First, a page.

The more things change, the more they remain the same goes an adage. It holds true for hunger in Asia. Most Asian countries appear to have made momentous gains in addressing absolute hunger, as evidenced by the Global Hunger Report 2014 of the International Food Policy Research Institute. However, there have been no advances in fighting "hidden hunger", i.e. micronutrient deficiency. The percentage point gains showcased in the Report also fail to depict the enormity of the problem in absolute numbers, and the capacity to generate a vicious cycle: from malnutrition to stunting to poverty to more malnutrition.
For example, in 2014, more than 550 children died of drought-induced malnutrition in Tharparkar District of Sindh Province in Pakistan alone. The deaths did not arise suddenly or surprisingly; the story has remained the same year after year in the desert district chronically affected by drought. The story is no different across the heartland of India, where more than 40% children are malnourished.
What have governments done to address the crisis? Have they taken concrete steps to redress the situation policy level, programme level, and in the legal realms in 2014? No is the answer.
Unfortunately, the complete absence of redress mechanism remains the biggest hurdle in achieving the ideal of a hunger free Asia. Barring exceptions, like the battery of social welfare legislations enacted by India, the right to food – a basic prerequisite for the right to life with dignity – remains non justiciable in most of Asian countries. What this implies is that the state is legally bound to protect its citizens from say criminal offences but is not obliged to save a person, family, or community that is starving to death. To make matters worse, big business lobbies are fiercely opposing the legislations enacted in India and the incumbent political regime seems to be under pressure to dilute social welfare schemes. Given that these "exceptional" legislations – such as those on Food Security and Employment Guarantee for – have serious lacuna, there seems to be no end to hunger in Asia in the coming decade.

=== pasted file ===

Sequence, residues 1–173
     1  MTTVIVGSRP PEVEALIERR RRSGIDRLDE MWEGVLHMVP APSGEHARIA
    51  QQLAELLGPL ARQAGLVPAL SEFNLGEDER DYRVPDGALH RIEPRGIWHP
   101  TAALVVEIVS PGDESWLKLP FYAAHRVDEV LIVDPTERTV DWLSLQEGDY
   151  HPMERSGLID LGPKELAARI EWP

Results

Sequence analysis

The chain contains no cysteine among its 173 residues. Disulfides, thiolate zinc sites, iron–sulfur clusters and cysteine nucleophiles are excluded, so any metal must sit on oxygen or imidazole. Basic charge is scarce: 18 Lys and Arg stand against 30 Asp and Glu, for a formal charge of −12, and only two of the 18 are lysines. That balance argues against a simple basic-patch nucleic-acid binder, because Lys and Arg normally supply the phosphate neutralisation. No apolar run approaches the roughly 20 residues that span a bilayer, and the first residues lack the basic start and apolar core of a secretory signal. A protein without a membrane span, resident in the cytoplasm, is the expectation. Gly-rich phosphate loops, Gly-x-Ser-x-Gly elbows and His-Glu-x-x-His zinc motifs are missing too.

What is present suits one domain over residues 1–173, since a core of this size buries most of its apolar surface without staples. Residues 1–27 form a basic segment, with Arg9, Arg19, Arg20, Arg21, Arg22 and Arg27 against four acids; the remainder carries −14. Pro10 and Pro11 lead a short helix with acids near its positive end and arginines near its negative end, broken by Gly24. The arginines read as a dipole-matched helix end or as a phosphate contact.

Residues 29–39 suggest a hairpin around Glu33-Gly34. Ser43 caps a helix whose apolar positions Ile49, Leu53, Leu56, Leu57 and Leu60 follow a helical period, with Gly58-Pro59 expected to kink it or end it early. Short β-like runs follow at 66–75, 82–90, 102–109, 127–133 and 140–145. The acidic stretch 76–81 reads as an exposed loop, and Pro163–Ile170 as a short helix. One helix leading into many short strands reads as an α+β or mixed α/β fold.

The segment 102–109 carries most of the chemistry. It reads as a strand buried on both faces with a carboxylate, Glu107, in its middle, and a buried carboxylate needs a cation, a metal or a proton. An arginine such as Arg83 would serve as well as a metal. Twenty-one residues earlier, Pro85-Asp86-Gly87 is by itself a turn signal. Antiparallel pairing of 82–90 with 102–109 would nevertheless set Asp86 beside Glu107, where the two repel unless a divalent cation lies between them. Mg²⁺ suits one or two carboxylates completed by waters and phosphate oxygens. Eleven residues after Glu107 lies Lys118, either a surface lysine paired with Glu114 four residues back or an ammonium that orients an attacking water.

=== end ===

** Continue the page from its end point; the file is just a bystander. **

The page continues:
Most Asian countries are witnessing similar patterns of people being dispossessed from their lands in the name of development; of labour rights that ensure collective bargaining being suspended; and of livelihood opportunities being decimated in the countryside, which is forcing villagers into distress migration. Slavery too has returned in several of the countries in the region, albeit in different forms, such as that of debt bondage. A new era of Banana Republics has also arisen, with countries like Pakistan and the Philippines offering long tenure land leases to foreign companies for corporate farming where the local populace have no rights over the produce, not even during natural calamities and other emergencies.
Tackling such issues would be difficult for even well meaning governments responsive to the nutritional needs of their vulnerable populations, which are few and far between in the Asian region. Therefore, addressing the hunger and poverty at the root will take exceptional circumstances, where committed governments having the political will are supported by civil society to radically restructure the discourse on right to food, bringing in the idea of food security in place of that of the mere absence of hunger. It will require linking the right to food with other basic rights like right to shelter, clean potable water, secured land tenure and livelihood security. Until then, the dream of having a hunger free Asia cannot be realised despite the welcome decline in the incidence of absolute hunger.